One of the most often asked questions of our Church is, “What Bible do you use?”
We answer unapologetically, “the King James Version.” More and more individual Christians and unfortunately Bible-believing churches are forsaking the King James Version in favor of the more modern translations. In fact, there exists a huge controversy as to whether or not the King James Version of the Bible is the Bible to be used in worship and personal study. A desire exists to forsake the King James Version (KJV) for the more “modern” translations such as the New American Standard Bible (NASB), the New International Version (NIV), or even the New King James Version (NKJV). The argument is put forward that the more modern translations are easier to read because the translations update the language and leave out all those “thee’s” and “thou’s.” Another argument tries to say that the new translations are more accurate than the KJV. Immanuel Baptist Church Baptist whole-heartedly disagrees with these and any arguments that claim that these translations are more accurate than the KJV. It is the position of Immanuel Baptist Church to reject these arguments and these translations, and to confidently say that we use the King James Version of the Bible exclusively in all services, ministries, or activities associated with our ministry.
Immanuel Baptist Church believes the Bible is comprised of sixty-six books of the Old and New Testaments and was given by inspiration of God. Immanuel Baptist Church believes, therefore, that it is inerrant and infallible. In addition, Immanuel Baptist Church believes that God has preserved His word as He promised, and that He has preserved it in the traditional texts. Immanuel Baptist Church also believes that the King James Version of the Bible is an accurate, faithful, and reliable translation of these manuscripts and that the English reader, therefore, can study it with utmost confidence and rely upon it. Immanuel Baptist Church can confidently say the King James Version is the inspired Word of God because the King James Bible was translated from the preserved texts.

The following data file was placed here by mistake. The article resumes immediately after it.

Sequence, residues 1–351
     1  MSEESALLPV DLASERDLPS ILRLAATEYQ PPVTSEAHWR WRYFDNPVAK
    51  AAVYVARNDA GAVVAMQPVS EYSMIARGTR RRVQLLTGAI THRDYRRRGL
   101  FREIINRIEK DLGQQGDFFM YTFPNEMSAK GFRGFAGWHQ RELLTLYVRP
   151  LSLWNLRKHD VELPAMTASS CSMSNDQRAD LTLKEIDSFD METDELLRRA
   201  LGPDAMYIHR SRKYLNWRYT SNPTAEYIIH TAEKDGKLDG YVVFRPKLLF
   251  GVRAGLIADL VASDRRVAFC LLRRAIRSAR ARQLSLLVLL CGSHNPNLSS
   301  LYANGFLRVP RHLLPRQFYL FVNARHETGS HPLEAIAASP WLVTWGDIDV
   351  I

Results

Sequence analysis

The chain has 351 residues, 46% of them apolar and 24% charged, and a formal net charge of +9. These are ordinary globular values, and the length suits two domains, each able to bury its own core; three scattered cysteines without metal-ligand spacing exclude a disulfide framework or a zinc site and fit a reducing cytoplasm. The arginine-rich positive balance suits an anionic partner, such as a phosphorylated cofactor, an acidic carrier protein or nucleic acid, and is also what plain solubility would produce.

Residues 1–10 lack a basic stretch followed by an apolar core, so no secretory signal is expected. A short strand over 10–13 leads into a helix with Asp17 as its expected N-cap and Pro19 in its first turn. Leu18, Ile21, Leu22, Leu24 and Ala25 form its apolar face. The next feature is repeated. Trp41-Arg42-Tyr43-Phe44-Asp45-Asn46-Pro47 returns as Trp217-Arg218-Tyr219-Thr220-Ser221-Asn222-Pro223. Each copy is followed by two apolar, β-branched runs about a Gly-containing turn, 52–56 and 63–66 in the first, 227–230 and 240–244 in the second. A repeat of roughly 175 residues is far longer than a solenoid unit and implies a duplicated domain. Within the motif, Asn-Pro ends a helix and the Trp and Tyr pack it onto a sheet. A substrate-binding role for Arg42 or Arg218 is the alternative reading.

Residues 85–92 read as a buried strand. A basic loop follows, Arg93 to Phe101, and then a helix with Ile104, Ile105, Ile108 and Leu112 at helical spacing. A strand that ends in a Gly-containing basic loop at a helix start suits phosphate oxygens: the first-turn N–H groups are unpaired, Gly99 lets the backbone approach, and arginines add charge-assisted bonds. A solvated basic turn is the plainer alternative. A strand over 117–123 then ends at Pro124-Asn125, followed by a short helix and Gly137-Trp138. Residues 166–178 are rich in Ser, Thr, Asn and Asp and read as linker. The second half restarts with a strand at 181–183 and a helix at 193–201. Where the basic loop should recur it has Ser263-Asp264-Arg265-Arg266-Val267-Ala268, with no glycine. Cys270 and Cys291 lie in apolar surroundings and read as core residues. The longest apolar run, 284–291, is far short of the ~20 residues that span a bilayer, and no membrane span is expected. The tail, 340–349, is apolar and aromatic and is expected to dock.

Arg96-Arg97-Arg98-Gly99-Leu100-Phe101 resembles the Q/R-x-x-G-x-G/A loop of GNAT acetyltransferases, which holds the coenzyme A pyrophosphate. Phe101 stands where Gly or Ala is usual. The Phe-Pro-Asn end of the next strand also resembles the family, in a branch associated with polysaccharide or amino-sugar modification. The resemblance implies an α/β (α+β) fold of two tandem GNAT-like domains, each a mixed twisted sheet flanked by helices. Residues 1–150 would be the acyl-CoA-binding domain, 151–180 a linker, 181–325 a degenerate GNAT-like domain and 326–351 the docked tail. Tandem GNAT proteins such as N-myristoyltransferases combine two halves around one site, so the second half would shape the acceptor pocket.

Proverbs 22:28 says,
“Remove not the ancient landmark, which thy fathers have set.”
In the spirit of the fifth commandment, we are to honor the traditions given to us by the previous generations of our people. Of course, if such tradition contradicts Scripture, we are to reject it in favor of what the Bible says.
“Why do ye also transgress the commandment of God by your tradition?”
We never elevate tradition to the same level of authority as Scripture. But we should give our forefathers “the benefit of the doubt.” We should also be careful to preserve all we can that is truly Christian about our culture.
The King James Version of the Bible has played an important and unique role in the development of American culture. It could be said that the foundation of our society was Holy Scripture. The theology of the Bible influenced the ideas behind our Constitution. The language of the King James Bible was scattered throughout our early literature. The revivals that formed and changed our culture resulted from the preaching of Bible texts. For many years, Americans knew a certain amount of Scripture by heart. Many or most could quote at least part of the Twenty-Third Psalm, and recognize the Beatitudes, the Ten Commandments, and parts of the Sermon on the Mount when quoted. But now the influence of the Bible has waned significantly. One reason for the decline of Biblical influence has been the loss of a standard version of the Bible.